Weight change amongst Nauruans over 6.5 years: extent, and association with glucose intolerance

Diabetes Res Clin Pract. Nov-Dec 1987;3(6):327-36. doi: 10.1016/s0168-8227(87)80057-8.

Abstract

We are reporting here the extent of weight change over 6.5 years of follow-up amongst 366 randomly selected Nauruans initially surveyed in 1975-1976. Although the initial level of obesity was high (mean body mass index: males 30.8 kg/m2, females 33.0 kg/m2), further increase in body mass index subsequently occurred in 285 subjects (78%). The weight loss that occurred amongst the other 81 subjects was generally mild (mean = 5.3 kg), and only 12 persons lost more than 10 kg. Weight loss was far more common amongst the older subjects: 40% of those older than 50 years compared with 10% of those less than 30 years showed a decrease in body mass index (P less than 0.001). After age adjustment, greater initial obesity was associated with subsequent weight loss (P less than 0.001), and higher baseline plasma glucose (P less than 0.001), and triglyceride levels (P less than 0.05) and lower plasma uric acid levels (P less than 0.01) were also predictive of some weight loss. Obesity and diabetes remained the major predictors of weight loss in the multivariate analysis. Subjects who lost weight showed similar deterioration in glucose tolerance over the 6.5 years (mean increase = 1.8 mmol/l) to those not losing weight (mean = 1.0 mmol/l) and weight loss was not associated with glucose tolerance improvement (or less deterioration) for either those diabetic, or those not diabetic initially. This result suggests that weight loss is not invariably associated with improvement in glucose tolerance amongst Nauruans.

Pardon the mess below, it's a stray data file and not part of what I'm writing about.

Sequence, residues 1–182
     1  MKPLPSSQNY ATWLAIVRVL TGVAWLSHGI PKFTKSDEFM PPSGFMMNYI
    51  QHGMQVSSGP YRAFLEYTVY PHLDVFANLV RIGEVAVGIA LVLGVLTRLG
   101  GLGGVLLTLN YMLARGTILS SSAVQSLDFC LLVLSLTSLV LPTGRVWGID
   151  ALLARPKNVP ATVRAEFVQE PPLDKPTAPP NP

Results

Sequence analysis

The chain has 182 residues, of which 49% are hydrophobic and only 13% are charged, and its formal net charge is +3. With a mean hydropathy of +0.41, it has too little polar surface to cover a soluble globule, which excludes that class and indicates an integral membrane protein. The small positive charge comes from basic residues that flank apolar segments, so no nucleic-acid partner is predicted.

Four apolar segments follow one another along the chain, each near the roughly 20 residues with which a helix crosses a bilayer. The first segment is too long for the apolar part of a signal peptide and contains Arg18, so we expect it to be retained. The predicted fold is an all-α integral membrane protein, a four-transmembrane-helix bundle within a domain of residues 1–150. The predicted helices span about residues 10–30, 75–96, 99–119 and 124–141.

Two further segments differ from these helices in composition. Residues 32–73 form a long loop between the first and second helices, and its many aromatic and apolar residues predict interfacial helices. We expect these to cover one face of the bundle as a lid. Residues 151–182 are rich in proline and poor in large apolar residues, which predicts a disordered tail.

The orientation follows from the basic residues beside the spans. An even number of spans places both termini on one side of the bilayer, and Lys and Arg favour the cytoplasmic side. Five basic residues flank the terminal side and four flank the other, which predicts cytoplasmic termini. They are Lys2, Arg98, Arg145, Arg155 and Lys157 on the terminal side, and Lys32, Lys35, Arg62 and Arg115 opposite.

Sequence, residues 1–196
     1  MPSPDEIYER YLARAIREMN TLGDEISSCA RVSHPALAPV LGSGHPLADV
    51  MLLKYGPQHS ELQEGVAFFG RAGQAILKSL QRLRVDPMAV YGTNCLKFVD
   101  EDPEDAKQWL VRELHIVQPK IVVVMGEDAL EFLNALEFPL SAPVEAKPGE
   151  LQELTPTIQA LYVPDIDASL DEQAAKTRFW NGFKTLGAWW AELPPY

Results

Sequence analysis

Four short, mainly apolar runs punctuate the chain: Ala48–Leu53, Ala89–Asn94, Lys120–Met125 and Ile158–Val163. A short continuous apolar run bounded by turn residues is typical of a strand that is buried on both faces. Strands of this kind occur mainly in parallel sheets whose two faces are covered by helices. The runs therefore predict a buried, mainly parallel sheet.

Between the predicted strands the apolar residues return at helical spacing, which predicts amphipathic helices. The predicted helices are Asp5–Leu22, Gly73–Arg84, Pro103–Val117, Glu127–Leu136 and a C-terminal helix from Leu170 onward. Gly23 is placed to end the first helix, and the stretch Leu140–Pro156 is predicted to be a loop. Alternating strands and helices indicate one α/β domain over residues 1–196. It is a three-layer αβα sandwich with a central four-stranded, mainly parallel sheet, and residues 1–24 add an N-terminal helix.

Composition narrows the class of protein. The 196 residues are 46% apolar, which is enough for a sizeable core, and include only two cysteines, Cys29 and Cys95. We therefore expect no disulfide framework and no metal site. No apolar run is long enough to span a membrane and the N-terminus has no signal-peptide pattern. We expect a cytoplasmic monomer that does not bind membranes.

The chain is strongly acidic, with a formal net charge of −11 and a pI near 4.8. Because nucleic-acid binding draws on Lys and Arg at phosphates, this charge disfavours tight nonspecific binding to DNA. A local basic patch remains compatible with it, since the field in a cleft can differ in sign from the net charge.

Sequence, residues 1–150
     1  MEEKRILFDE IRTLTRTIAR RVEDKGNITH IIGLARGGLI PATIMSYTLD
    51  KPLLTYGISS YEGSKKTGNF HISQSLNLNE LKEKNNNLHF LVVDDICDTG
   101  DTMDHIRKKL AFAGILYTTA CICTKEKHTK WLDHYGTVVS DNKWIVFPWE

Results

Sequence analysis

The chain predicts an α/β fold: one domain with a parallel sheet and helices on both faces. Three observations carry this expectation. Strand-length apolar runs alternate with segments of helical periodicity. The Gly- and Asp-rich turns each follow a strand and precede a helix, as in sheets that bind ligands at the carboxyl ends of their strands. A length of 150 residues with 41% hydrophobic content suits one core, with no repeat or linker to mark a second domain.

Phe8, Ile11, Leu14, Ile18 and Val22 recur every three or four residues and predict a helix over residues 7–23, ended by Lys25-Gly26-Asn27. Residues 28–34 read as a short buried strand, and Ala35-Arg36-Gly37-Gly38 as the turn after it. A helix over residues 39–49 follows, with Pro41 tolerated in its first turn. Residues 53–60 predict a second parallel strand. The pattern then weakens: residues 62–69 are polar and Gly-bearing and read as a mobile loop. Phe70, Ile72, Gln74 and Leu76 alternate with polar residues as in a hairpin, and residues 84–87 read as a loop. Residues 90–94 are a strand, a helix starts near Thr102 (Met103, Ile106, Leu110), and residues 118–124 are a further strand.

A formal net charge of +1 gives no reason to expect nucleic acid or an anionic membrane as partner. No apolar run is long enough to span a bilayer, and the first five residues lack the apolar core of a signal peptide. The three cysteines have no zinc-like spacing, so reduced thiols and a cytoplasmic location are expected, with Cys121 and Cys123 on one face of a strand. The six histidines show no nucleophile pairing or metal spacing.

Publication types

  • Comparative Study
  • Research Support, U.S. Gov't, P.H.S.

MeSH terms

  • Adult
  • Blood Glucose / metabolism*
  • Body Weight*
  • Developing Countries*
  • Diabetes Mellitus / blood
  • Diabetes Mellitus / physiopathology
  • Female
  • Follow-Up Studies
  • Humans
  • Male
  • Micronesia
  • Middle Aged
  • Obesity

Substances

  • Blood Glucose